Andrew from Washington, DC:
Caldwell has said he believes in drafting for need. How does the changing defensive scheme affect our needs? What positions do you believe become premium ones?
John: This is an interesting question. First, I’d caution from turning Caldwell’s statement that he drafts for need into a gospel for the entire fan base to follow and debate on message boards. What I mean is we shouldn’t approach that statement as some readers did in the past with the Best Available Player philosophy. Just as Gene Smith did not take Player A over Player B because Player A had a .000000000000001 higher grade than Player B, Caldwell will not take a subpar player to fill a need at say, left guard, if there is a player he believe is a Pro Bowl left tackle available at the same pick. Evaluating players and building a roster is a process of making decisions based on many, many circumstances. Caldwell wants the same thing from the draft that Smith wanted and Smith wanted the same thing any general manager wants – good, young football players around which to build a foundation. Now, will the change in defensive scheme change priorities in the draft room? A bit, but for the most part, priority positions are priority positions, so defensive end and defensive tackle will be important. I’m most curious to see how the new regime approaches cornerback. A first glance at Bradley’s system would indicate you don’t have to have a Top 10-drafted corner to be elite there, and that the emphasis on big, physical players could allow the Jaguars to address that spot a bit later in the draft, but we shall see.
Marjorie from Jacksonville:
Eric Fisher, Eric Fisher, Eric Fisher. He's the new Boselli. Gabbert or whoever will be worth little without protection. The first qualification to achieving a franchise quarterback is to keep the QB on his feet surveying the field.
John: Goodness, do we really want another Boselli walking around here? I mean, the guy never pipes down, loves the sound of his own voice and . . . oh, you mean Boselli The Player and Not Boselli the Broadcaster? Absolutely. Get another. Get two if you can. Bring it on.
Charles from Midlothian, VA and Section 410:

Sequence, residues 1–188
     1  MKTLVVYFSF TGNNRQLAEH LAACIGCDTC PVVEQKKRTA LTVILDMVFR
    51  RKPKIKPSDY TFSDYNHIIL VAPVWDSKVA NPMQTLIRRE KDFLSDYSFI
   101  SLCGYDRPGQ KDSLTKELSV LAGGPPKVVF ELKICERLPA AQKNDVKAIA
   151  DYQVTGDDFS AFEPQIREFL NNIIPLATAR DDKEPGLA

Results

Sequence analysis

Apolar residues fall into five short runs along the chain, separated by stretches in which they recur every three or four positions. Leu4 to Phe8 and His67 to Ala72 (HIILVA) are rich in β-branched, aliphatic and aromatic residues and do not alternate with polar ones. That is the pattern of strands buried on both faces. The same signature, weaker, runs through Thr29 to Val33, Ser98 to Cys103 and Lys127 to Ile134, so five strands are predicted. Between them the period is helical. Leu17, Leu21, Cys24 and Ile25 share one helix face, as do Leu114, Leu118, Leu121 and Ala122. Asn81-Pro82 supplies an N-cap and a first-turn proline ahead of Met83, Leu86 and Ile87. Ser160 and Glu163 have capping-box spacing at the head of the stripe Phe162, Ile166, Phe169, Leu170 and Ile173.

Is it me, or with the signing of Massaquoi, do we seem to have (for the first time in YEARS) a respectable wide receiver corps that even an average quarterback should be able to get something done with, given the O-Line gives him time?
John: It’s getting there. Cecil Shorts, Justin Blackmon and Jordan Shipley closed last season as a good group. It did not close the season as a “great” group, because it still needs to get more consistent and it still doesn’t have a bonafide, No. 1, must-stop-or-lose-the-game receiver. That’s the next step. The addition of Massaquoi gives the group another decent option, an option that has a chance to compete for playing time and prove if he can make this a deep group.
John from Nashua, NH:
First off, I like the Massaquoi pick up. He won't be a superstar but he doesn't have to be. Second, assuming our Jags take Dion Jordan No. 2 overall do you think they will be looking quarterback with our second-round pick? Also assuming Geno Smith is off the board who would you rate as the best quarterback available and why?
John: First off, I like the Massaquoi pickup, too. He fits the Jaguars’ free-agent profile, and he appears to be reliable. That’s what the Jaguars needed, and it’s why he could be an improvement over Laurent Robinson, whose status likely would have been an underlying concern. Reliability is a key component in these free-agency moves, and Massaquoi seems to have a chance to be more reliable next season than Robinson. I’m not assuming the Jaguars are taking Jordan, but it’s OK if you are. It’s not a ridiculous assumption. As for the quarterback at No. 2, I like the idea of Matt Barkley, but that’s because he’s a guy who has been through a lot at Southern California and I feel like he’d be mature enough to play at a reasonably high level early. I also like what I’ve seen from Nassib at Syracuse, who may have more long-term upside but might not be quite as ready as Barkley early in terms of intangibles.
Lane from Longwood, FL:
Phase 3 of the building renovations: O-man gets himself a refrigerator with built-in tap and a hot tub in his office.
John: What the heck do I need with a hot tub?